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Associate Professor
Ph.D., Columbia University, 1995

Learning; memory; genetics; behavior

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Dubnau2013

Joshua Dubnau and colleagues use the fruit fly to investigate two different questions. First, Dubnau and his team are investigating mechanisms of memory.  Since biological mechanisms of memory are highly conserved through evolution, many features of human memory are observed in simpler organisms like fruit flies.  The lab’s efforts on memory focus on understanding the gene pathways as well as the neural circuits in the fly brain. They have recently shown that short-term memory forms in one set of neurons but that long-term memories form in a different brain area.  A second area of research in the Dubnau group is focused on uncovering mechanisms or neurodegeneration that underlie amyotrophic lateral sclerosis (ALS) and frontotemporal lobar degeneration (FTLD).  Using the fruit fly as an experimental system, together with analyses of genomic datasets from mouse, rat and human, the Dubnau group (in collaboration with Molly Hammell’s group)  has developed a novel hypothesis to explain several different neurodegenerative disorders.  This year they showed that the awakening of dormant transposons in the genome, of some brain cells, might be responsible for causing cell death. Ongoing work in flies and mice and humans will be used to investigate this hypothesis with the goal of developing avenues for therapeutic intervention.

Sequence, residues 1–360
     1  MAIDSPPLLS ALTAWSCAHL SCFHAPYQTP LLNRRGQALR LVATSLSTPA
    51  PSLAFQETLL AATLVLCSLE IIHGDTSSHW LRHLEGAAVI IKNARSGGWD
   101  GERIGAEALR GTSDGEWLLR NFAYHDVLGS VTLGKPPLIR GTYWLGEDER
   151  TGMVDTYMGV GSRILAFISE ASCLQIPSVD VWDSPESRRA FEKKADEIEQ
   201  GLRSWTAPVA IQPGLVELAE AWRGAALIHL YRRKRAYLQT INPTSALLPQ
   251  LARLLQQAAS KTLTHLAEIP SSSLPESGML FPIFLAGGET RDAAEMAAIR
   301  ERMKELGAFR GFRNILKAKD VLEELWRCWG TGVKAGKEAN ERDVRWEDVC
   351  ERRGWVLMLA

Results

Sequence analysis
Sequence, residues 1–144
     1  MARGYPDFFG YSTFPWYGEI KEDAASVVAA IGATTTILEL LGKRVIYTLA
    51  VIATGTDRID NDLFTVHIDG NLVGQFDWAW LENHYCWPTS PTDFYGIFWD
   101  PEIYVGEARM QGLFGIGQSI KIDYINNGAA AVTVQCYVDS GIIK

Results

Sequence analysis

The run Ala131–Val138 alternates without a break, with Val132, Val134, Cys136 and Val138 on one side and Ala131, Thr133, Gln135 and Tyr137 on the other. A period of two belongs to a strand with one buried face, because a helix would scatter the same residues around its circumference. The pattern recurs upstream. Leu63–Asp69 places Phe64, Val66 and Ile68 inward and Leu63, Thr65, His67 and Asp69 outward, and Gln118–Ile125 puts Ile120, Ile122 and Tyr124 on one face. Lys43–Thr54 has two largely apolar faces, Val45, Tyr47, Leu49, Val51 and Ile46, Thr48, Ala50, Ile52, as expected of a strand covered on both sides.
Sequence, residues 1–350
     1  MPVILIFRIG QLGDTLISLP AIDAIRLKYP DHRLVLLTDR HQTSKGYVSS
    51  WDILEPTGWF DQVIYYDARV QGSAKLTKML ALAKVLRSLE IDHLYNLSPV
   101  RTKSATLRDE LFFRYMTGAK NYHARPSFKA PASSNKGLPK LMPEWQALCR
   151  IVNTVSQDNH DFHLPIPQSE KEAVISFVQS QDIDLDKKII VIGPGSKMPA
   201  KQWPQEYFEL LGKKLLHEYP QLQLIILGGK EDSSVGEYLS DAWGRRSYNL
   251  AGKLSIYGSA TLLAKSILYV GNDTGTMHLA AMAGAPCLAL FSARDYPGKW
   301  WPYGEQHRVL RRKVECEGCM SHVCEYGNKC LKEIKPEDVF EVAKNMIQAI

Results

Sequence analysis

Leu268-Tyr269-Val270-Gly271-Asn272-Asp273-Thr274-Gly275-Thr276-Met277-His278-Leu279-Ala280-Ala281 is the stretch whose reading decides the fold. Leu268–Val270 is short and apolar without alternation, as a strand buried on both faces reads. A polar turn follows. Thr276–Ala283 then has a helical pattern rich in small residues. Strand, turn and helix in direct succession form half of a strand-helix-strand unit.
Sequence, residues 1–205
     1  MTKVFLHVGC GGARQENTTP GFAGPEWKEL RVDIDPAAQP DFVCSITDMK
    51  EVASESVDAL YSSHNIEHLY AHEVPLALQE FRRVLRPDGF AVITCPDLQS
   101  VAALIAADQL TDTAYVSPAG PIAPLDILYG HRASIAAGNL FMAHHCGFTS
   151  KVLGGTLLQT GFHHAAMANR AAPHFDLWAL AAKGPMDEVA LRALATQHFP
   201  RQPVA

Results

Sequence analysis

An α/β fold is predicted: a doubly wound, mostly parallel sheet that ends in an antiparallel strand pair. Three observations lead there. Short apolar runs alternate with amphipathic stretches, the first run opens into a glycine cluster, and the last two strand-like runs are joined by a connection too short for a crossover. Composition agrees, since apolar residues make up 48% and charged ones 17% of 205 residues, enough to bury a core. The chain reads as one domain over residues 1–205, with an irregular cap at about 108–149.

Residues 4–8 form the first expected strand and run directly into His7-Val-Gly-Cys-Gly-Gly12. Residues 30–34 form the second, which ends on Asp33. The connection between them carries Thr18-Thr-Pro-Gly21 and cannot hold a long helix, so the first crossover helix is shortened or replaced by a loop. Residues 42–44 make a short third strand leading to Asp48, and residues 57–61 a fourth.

Please visit Josh's Lab home page.

Selected Publications

Li, W., Prazak, L., Chatterjee, N., Grüninger, S., Krug, L., Theodorou, D., and Dubnau, J. 2013. Activation of transposable elements during aging and neuronal decline in Drosophila.  Nat. Neurosci. 16: 529–531.

Li,W., Cressy, M., Qin, H., Fulga, T., Van Vactor, D., and Dubnau, J. 2013. microRNA-276a functions in ellipsoid body and mushroom body neurons for naïve and conditioned odor avoidance in Drosophila. J. Neurosci. 33: 5821­–5833.

Li, W., Prazak, L., Jin, Y., Hammel, M., and Dubnau, J. 2012. Transposable elements in TDP-43-mediated neurodegenerative disorders. PLoS One 7(9) e44099.

Qin, H., Cressy, M., Li, W., Coravos, J., Izzi, S., and Dubnau, J. 2012. Gamma neurons mediate dopaminergic input during aversive olfactory memory formation in Drosophila. Curr. Biol. 22: 608–614.

Blum, A., Li, W., Cressy, M. and Dubnau, J. 2009. Short- and long-term memory in Drosophila require cAMP signaling in distinct neuron types. Curr. Biol. 19: 1341–1350.